Can REIT ETFs Conitnue to Dominate?

by ETF Base on August 3, 2010

Real estate’s really been an amazing story in 2010.  The sector has been both volatile and profitable in the face of massive legislative overhauls, credit and liquidity crises, stubborn unemployment numbers, record low mortgage rates and a housing glut.  Bond King Bill Gross recently declared that real estate would beat stocks and bonds and Real Estate Investment Trusts (REITs) offer one of the best ways for retail investors to play in this space with a low barrier to entry.  While there are some tangential sectors related to the REIT rally like financials, builders and regional banks, none of them offer the combined capital appreciation and steady dividend payouts we’ve been seeing from the genre.

Impressive REIT Performance YTD

All of the key real estate ETFs are handily beating the S&P500 for the year, which is marginally up 0.7% on the year.  Meanwhile, the top REIT ETFs are up 15-17% YTD.  The rally has been attributed to various factors including the continued need for Americans to rent during the housing drawdown, coupled with a modest economic recovery.  While individual REIT issues certainly allow for higher yields (see complete REIT List of dozens of publicly traded outfits) if investors are willing to take on company risk, the beauty of these ETFs is a diverse array of regions, type of real estate and companies all at a reasonable expense ratio.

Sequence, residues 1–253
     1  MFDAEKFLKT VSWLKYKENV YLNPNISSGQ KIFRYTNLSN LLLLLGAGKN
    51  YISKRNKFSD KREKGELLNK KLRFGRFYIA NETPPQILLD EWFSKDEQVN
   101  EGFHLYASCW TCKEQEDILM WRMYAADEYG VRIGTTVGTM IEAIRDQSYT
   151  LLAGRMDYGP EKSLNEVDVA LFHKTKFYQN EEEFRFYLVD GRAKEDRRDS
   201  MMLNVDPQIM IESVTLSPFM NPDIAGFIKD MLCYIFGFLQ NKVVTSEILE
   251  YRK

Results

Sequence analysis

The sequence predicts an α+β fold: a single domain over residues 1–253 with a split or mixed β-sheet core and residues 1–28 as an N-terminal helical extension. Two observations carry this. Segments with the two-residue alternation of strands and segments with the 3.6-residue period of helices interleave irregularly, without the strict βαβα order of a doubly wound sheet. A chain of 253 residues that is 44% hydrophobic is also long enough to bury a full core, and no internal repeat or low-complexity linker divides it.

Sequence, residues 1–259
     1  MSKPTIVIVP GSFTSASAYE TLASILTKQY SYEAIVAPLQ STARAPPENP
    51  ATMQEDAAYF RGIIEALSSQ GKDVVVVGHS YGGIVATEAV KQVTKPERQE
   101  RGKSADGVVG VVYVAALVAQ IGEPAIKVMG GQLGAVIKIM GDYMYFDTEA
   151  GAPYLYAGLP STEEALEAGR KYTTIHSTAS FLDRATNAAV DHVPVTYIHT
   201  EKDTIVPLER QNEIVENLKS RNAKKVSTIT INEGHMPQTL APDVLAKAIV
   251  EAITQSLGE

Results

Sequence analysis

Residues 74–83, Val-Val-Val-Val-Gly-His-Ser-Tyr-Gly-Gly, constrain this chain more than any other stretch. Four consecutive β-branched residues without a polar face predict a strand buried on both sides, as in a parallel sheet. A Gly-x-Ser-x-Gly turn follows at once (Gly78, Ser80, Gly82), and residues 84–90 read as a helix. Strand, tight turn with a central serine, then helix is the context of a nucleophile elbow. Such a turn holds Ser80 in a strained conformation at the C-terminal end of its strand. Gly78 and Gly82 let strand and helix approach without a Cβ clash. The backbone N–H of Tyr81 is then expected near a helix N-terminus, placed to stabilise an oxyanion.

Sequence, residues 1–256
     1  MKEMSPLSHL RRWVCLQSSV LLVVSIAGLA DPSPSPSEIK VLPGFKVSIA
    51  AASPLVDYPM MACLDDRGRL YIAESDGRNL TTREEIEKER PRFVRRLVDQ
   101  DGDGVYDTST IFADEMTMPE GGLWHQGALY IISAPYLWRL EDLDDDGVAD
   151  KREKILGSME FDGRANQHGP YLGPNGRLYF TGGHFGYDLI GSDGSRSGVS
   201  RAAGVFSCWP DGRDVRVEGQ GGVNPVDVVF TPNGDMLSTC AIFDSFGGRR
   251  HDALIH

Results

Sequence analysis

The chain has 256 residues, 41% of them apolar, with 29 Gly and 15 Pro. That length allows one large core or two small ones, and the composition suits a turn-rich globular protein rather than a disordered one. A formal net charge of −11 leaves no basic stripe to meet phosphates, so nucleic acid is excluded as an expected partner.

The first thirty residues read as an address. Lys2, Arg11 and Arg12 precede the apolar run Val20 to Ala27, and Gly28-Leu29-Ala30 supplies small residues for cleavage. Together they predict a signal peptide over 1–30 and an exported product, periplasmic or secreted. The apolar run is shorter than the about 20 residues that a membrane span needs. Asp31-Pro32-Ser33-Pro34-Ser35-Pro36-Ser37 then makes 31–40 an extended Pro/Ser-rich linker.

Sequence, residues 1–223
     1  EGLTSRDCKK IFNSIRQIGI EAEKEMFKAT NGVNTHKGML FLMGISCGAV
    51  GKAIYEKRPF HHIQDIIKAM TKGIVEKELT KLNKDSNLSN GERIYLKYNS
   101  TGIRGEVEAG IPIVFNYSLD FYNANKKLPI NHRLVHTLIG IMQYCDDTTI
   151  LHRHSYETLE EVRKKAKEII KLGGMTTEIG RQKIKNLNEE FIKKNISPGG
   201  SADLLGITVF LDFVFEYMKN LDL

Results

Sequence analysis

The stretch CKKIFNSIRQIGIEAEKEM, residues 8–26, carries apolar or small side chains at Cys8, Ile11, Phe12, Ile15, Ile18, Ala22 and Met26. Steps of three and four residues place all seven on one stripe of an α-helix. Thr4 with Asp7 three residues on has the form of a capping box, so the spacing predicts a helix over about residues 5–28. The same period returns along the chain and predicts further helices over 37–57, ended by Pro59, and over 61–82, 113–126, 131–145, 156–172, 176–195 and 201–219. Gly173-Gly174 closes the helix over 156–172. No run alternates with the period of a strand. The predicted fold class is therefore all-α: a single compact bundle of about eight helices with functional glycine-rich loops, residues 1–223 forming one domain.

• SPDR Dow Jones REIT ETF (RWR) is up 17%, with a yield of 3.1% and an expense ratio of 0.25%.
  • Vanguard REIT ETF (VNQ) is up 17%, with a yield of 2.7% and an expense ratio of 0.13%.
  • iShares Dow Jones U.S. Real Estate Index Fund (IYR) is up 15%, with a yield of 4.4% and an expense ratio of 0.48%.

Risks to REIT Dominance

While the REITs have had a great run, there are some factors to monitor as the year progresses.  At some point, interest rates are going to have to rise, which will put pressure on housing.  Additionally, if credit tightens up again or defaults spike, investors could start fleeing.  It remains to be seen what’s going to happen in 2011 with the Bush Tax Cuts expiring as well.

Disclosure: No position in any ETFs reviewed in this article.

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